There are hundreds of different types of phishing emails. An email may say there is a contract attached. If you were expecting a contract, it is natural to click on the attachment. Or an email could indicate it’s from your HR department—which most people would certainly click on. You may receive an email that says your account has been suspended, giving you a link to click on to have it restored. Following simulated phishing, analytics are crucial to determining whether the training is working as it should.

How Do You Spot a Phishing Email?

Check the email address of the sender. It is unlikely to be from a legitimate organization if sent from a public email domain—like or Many phishing emails are poorly written. If the email contains attachments or links, be very wary until you have thoroughly checked it out. 

Most phishing emails create a sense of urgency, hoping you will click before you think it through and check it out. If there are images in the body of the phishing email, they are likely to be of lower quality. Any email that prompts an emotional response or a sense of urgency should be looked at carefully. Unfortunately, only a fraction of all cyber breaches are reported or made public knowledge, mainly because victims are embarrassed that they fell for the scam.  

Physical Social Engineering

Social engineering can also take a physical form. Say you are about to go through a door at work that requires a badge. The person behind you juggles two cups of coffee, their purse, and their laptop bag and can’t reach their bag. They ask you to please let them in. It seems harmless enough, right? Unfortunately, in many cases, you may have just been socially engineered—and allowed an unsavory character into your workplace.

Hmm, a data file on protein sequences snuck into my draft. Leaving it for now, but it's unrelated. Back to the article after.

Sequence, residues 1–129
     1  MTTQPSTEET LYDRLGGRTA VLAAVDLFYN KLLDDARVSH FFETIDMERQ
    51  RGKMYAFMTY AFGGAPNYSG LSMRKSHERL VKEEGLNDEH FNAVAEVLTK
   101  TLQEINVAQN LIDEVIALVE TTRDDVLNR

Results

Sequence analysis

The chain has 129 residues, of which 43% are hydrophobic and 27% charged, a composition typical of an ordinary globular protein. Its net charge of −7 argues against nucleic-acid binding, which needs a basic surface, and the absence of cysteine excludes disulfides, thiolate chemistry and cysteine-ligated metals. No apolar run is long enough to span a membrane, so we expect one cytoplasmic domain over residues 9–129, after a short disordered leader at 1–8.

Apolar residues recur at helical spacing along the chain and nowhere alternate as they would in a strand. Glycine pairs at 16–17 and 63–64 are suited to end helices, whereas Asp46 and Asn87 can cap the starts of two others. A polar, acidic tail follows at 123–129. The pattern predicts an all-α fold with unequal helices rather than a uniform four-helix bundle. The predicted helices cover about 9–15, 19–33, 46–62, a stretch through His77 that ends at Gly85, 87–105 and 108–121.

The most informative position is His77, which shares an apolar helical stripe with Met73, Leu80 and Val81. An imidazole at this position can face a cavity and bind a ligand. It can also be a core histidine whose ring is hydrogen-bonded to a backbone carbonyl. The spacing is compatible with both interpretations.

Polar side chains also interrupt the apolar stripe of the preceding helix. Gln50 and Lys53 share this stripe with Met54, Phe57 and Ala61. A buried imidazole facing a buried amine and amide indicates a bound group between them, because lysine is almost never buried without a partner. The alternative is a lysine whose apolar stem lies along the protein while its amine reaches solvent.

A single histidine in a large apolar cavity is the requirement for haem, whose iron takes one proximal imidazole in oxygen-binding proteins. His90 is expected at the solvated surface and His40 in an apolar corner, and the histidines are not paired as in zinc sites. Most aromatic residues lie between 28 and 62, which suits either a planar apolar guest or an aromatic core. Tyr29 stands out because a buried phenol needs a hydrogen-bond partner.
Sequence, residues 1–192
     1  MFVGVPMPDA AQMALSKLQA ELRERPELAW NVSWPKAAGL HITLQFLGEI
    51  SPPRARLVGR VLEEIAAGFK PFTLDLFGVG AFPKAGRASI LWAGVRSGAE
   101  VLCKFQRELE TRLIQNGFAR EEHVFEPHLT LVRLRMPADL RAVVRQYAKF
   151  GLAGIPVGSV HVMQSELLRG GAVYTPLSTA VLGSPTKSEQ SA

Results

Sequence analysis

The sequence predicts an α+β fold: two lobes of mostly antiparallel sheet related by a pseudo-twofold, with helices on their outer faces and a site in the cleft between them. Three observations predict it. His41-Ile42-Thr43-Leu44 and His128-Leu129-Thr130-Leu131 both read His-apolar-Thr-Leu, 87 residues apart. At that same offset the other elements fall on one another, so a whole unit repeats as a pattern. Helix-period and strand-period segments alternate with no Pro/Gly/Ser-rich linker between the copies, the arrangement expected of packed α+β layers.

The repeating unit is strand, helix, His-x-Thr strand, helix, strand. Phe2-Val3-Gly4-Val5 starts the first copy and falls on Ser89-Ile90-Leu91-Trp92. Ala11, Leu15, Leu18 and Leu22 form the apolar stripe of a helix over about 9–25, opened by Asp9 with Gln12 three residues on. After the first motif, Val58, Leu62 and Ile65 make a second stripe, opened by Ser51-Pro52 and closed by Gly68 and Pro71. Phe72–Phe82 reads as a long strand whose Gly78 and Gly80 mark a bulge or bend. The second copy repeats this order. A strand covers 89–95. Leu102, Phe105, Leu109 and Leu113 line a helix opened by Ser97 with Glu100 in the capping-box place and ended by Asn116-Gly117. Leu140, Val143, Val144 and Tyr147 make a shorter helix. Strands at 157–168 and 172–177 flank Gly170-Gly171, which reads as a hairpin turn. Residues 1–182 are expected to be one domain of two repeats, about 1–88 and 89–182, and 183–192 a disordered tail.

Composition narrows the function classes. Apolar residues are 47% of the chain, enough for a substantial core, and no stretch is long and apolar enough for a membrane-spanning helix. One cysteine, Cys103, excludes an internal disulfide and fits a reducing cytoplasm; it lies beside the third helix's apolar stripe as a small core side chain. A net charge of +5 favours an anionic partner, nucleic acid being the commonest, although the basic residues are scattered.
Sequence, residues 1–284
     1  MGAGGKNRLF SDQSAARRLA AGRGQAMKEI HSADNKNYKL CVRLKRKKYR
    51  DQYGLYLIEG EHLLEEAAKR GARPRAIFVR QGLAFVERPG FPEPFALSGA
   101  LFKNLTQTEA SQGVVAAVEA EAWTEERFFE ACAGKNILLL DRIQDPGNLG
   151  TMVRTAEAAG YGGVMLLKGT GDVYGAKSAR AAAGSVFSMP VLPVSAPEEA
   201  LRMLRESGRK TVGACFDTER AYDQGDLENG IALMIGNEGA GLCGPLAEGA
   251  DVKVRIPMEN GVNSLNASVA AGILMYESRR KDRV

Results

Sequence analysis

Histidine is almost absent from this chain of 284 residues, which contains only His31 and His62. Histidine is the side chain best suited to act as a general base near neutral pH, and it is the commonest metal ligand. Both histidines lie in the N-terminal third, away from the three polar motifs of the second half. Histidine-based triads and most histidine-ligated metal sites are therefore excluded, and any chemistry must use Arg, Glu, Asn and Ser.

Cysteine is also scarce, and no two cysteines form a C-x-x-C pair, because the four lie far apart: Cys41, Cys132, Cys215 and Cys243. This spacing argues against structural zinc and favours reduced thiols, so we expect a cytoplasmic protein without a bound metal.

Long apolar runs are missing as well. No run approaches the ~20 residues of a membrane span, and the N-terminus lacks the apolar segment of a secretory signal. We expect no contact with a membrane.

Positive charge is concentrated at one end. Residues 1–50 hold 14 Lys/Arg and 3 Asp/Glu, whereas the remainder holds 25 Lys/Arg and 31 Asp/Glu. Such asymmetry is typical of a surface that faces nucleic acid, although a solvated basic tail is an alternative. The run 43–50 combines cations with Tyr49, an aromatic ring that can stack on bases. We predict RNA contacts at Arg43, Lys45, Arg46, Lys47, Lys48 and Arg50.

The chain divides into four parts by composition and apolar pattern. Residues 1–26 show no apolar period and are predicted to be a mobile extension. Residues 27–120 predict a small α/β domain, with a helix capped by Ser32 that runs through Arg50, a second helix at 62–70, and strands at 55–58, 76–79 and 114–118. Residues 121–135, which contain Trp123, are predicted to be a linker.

Is Any Industry More Vulnerable Than Others?

Are some industries more vulnerable to cybersecurity threats than others? Jamie believes cyberattacks occur across the board while noting that breaches in hospitals and educational institutions can be especially difficult due to the sensitive information. From the mailroom to the boardroom, every person can somehow be part of the human firewall. Therefore, everyone in the organization needs training.    

Why is Cybersecurity Even More Important Today?

With the advent of Covid, and hundreds of thousands more employees working from home, the issue becomes even more crucial. With so many more employees working remotely due to Covid, it is likely that even as we see some light at the end of the tunnel, many employees will remain remote—at least part-time. Employers have realized they can operate efficiently and productively with much of their staff out of the office. 

However, with a different set of security concerns, each company must have a written security risk assessment and an information security plan for remote workers. One consideration, in particular, deals with allowing employees to access organizational resources using their personal computers. Sensitive information accessed via a company network through a personal computer can be a recipe for disaster as far as security goes. 

Organizations now say that their biggest security challenge centers around remote workers—keeping them safe and protecting them against phishing and social engineering attacks. All remote workers worldwide should all be fighting cyberattacks as a human firewall. Courses with videos are under development to help fight cybercrime, and those courses incorporate localization and translation. KnowBe4 can help your company with security awareness training, combined with simulated phishing attacks to make your company safer. And, as a quick tip in the cybersecurity process, Jamie notes that when it comes to passwords, longer is stronger!